Technical mitigation to reduce marine mammal bycatch and entanglement in commercial fishing gear: lessons learnt and future directions

Citation
Hamilton S, Baker GB (2019) Technical mitigation to reduce marine mammal bycatch and entanglement in commercial fishing gear: lessons learnt and future directions. Rev Fish Biol Fisheries 29:223–247. doi: 10.1007/s11160-019-09550-6
Abstract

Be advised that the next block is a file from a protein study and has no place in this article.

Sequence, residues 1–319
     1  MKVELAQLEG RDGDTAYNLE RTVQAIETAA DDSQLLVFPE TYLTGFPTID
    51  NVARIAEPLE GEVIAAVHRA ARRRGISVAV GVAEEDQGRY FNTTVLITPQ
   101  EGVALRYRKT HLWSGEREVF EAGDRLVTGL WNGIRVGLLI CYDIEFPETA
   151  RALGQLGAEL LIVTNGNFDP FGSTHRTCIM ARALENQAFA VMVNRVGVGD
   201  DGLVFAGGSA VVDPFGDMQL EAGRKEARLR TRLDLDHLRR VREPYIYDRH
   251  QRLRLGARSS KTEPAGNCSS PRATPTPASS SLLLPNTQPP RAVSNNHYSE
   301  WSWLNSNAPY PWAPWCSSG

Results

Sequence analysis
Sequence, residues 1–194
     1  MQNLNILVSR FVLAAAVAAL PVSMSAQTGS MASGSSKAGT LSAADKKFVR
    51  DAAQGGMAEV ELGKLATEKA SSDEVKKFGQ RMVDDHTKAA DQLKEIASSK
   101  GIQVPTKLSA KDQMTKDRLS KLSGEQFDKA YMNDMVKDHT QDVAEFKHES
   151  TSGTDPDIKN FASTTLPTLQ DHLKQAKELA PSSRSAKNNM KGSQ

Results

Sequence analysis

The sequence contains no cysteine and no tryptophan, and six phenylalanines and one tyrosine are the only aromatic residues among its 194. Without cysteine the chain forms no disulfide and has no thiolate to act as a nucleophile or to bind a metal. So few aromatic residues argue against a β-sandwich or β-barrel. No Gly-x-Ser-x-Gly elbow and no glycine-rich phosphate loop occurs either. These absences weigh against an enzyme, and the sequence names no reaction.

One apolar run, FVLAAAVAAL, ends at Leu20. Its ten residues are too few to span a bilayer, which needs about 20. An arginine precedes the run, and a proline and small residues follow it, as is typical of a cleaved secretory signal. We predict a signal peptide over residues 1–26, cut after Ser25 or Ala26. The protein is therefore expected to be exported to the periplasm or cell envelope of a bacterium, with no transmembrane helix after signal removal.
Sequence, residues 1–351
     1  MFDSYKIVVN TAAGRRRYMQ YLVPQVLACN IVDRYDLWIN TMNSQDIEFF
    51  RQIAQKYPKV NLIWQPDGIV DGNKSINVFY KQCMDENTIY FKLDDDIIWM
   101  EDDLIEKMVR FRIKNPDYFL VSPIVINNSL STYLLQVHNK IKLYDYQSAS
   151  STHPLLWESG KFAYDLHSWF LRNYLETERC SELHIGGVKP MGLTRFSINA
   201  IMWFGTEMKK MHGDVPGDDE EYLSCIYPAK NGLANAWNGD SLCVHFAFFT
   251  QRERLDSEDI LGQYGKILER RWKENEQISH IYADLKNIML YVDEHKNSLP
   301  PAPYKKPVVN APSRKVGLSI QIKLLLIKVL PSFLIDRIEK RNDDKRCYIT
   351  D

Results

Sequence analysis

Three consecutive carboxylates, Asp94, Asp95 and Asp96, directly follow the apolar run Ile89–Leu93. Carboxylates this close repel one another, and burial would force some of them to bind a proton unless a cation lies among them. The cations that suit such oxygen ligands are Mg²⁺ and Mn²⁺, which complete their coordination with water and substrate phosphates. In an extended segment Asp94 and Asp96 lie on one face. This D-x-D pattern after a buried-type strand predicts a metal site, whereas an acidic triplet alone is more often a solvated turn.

Fisheries bycatch is one of the biggest threats to marine mammal populations. A literature review was undertaken to provide a comprehensive assessment and synopsis of gear modifications and technical devices to reduce marine mammal bycatch in commercial trawl, purse seine, longline, gillnet and pot/trap fisheries. Successfully implemented mitigation measures include acoustic deterrent devices (pingers) which reduced the bycatch of some small cetacean species in gillnets, appropriately designed exclusion devices which reduced pinniped bycatch in some trawl fisheries, and various pot/trap guard designs that reduced marine mammal entrapment. However, substantial development and research of mitigation options is required to address the bycatch of a range of species in many fisheries. No reliably effective technical solutions to reduce small cetacean bycatch in trawl nets are available, although loud pingers have shown potential. There are currently no technical options that effectively reduce marine mammal interactions in longline fisheries, although development of catch and hook protection devices is promising. Solutions are also needed for species, particularly pinnipeds and small cetaceans, that are not deterred by pingers and continue to be caught in static gillnets. Large whale entanglements in static gear, particularly buoy lines for pots/traps, needs urgent attention although there is encouraging research on rope-less pot/trap systems and identification of rope colours that are more detectable to whale species. Future mitigation development and deployment requires rigorous scientific testing to determine if significant bycatch reduction has been achieved, as well as consideration of potentially conflicting mitigation outcomes if multiple species are impacted by a fishery.